Thanks Melissa for posting this. I get so disheartened by the misinformation spread by media idiots, and our own district leadership, with regards to children in special ed.

Dennis said...

Let me make sure I have this right.
A woman with a very troubled son keeps six weapons in her home including 4 assault rifles. She tells sitters to "never let her son out of sight". She then takes that son to a shooting range and shows him how to shoot a weapon designed for mass murder. His basement room is filled with posters of guns and tanks and he spends his time playing the ultra violent video game "Call of Duty" ! But somehow "Special Education" is to blame !!! Please.

Anonymous said...

Gee Dennis, did somebody "blame" special education? Isn't it obvious that multiple systems failed here? The world is going to have people with problems, including parents who make mistakes. What are we going to do about that? It's really easy to be a monday morning quarterback. But the fact remains, special education in SPS is an afterthought in every building, and kids everywhere are incredibly isolated. And many other are simply not educated at all.

Your idea? Blame the mother. Of course she should have been a way better parent than she was. Oh yeah. She's dead. It matters not a bit if she is blamed now. (How good a parent are you by the way?) Better yet. Blame the dead shooter. Obviously he's evil.

The thing is... all that blame doesn't prevent the next time.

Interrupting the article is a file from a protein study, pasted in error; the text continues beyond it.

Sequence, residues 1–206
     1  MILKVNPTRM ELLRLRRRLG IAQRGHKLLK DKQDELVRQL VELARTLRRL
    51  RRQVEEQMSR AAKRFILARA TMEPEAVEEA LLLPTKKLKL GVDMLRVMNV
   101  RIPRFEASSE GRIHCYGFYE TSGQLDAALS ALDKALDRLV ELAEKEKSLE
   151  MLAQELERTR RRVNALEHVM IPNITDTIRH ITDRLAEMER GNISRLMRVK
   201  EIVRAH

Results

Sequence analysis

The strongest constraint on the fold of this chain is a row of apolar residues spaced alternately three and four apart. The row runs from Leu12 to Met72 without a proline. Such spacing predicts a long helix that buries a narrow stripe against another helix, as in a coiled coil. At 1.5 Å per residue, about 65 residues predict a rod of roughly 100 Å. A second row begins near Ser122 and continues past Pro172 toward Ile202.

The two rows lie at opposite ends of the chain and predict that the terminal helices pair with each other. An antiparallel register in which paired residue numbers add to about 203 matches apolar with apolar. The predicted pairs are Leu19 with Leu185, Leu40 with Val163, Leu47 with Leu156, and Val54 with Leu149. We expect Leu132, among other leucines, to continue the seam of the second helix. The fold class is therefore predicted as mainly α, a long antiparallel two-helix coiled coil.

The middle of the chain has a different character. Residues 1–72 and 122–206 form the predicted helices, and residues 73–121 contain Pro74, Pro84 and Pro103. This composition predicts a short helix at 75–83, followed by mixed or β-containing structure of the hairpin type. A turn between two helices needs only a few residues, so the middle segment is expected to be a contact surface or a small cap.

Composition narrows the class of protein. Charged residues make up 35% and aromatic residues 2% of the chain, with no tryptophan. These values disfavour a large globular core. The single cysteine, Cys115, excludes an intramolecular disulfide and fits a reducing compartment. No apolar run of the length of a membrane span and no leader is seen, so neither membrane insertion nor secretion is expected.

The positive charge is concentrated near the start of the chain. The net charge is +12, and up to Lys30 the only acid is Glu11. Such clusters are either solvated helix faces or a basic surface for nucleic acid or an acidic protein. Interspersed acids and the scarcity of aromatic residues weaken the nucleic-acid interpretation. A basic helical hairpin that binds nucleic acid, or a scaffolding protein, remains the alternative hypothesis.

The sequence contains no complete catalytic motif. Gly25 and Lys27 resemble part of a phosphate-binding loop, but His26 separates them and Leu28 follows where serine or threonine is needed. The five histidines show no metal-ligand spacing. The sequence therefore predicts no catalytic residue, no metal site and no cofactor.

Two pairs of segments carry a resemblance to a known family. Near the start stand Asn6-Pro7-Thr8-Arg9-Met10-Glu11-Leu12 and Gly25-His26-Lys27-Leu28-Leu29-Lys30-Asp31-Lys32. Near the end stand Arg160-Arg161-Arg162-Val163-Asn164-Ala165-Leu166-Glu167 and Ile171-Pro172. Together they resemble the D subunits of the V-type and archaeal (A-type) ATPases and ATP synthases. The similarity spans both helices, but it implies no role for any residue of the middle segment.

-special ed parent

Anonymous said...

Here's a good article in the Times on this topic:

"For people with autism, shooting in Newtown brings unfair stigma"

Originally published Tuesday, December 18, 2012 at 9:20 PM


Melissa Westbrook said...

At the Capacity Management Work Session which has gotten progressively crazier. Staff just handed out a looong list of possibiilites for NE middle school. This on December 19th.

This is quite the problem but boy are we confused (those in the room) and now they say they might do two of these at a time.

I will try to get an electronic copy of these "new" options which are NOT in the presentation posted before.

NE folks, demand another meeting RIGHT after school starts and an explanation. You have the right because these are very complicated and trying to shift through the impacts is going to take awhile.

I will try to post complete notes by AM tomorrow.

Dennis said...

Special ed parent-
If the killer of those 20 children is not evil , I don't know who is.
And like it or not, his Mother's "mistake" of allowing him to play violent video games , teaching him to use an assault rifle and presenting him with easy access to that deadliest of weapons IS directly responsible for the death of 20 children.

Anonymous said...

Do you know that for a fact? Like it or not, guns are easy to get. Mom just made it a little easier. And video games? There really isn't evidence that they create violent urges. But you still shirk the problem. What are WE going to do given that weapons are so easy to obtain? Your answer is we will do nothing.

special ed parent